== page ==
Staring at the Sun

As students eat lunch Monday, Aug. 21, the sky goes dim

Dayana Pena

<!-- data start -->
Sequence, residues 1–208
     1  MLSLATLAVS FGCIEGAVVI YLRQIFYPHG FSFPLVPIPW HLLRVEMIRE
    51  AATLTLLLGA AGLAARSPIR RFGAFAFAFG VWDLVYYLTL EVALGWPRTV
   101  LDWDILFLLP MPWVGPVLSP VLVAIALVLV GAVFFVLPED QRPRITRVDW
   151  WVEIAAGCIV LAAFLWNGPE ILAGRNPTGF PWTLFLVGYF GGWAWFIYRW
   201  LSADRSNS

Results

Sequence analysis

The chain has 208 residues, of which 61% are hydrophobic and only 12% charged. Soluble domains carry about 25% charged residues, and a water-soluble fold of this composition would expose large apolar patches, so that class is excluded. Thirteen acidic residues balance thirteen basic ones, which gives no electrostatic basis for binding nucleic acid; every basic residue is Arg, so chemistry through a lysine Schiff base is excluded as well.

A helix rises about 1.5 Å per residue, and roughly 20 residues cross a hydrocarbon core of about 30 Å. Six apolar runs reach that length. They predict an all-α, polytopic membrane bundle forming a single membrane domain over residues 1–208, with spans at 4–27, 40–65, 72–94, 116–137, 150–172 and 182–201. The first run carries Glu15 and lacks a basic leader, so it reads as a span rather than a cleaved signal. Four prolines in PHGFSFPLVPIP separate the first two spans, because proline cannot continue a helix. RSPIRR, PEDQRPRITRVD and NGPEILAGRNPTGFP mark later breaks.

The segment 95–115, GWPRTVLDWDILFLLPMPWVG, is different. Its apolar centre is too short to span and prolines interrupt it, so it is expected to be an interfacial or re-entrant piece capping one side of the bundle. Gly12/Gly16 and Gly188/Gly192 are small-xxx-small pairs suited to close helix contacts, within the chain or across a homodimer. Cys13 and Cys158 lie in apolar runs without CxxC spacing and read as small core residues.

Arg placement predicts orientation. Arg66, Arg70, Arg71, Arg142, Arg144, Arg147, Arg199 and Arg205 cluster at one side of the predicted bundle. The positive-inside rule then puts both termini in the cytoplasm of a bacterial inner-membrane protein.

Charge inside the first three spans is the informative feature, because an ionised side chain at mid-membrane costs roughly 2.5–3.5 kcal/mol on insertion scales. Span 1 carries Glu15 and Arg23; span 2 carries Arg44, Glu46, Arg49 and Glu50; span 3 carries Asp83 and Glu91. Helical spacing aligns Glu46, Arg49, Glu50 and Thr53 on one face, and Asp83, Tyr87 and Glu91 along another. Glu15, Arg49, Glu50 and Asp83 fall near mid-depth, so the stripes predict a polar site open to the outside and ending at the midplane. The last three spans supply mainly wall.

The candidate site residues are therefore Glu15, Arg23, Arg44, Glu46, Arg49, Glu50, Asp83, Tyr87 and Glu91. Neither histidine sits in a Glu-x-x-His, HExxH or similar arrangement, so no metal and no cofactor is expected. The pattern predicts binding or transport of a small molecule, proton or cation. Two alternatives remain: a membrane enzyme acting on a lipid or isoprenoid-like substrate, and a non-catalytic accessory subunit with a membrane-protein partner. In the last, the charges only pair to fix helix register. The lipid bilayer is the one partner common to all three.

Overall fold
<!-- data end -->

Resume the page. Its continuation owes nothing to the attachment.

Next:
For the first time 99 years, Eaton High School students experienced their first total solar eclipse during their lunch hour. Elizabeth Gonzalez (19) said, “it was cool that Mrs. Pierson and Tapia had brought viewing glasses so that we could watch the eclipse. I forgot to bring my glasses and was upset that I would have not been able to watch the eclipse.” Principal Tapia as well as other teachers from the school brought solar viewing kits for students and themselves to watch and experience the eclipse safely. The last solar eclipse that traveled across the United States was on June 8, 1918. From the Pacific to the Atlantic ocean the entire country was in awe for the once in a lifetime phenomenon. Earth science teacher Erin Pierson explained that in order to have a solar eclipse, “you have the alignment of three bodies, the sun, moon and Earth, and the moon covering the sun casts its shadow on the Earth.” Eaton will not see another solar eclipse until 2045.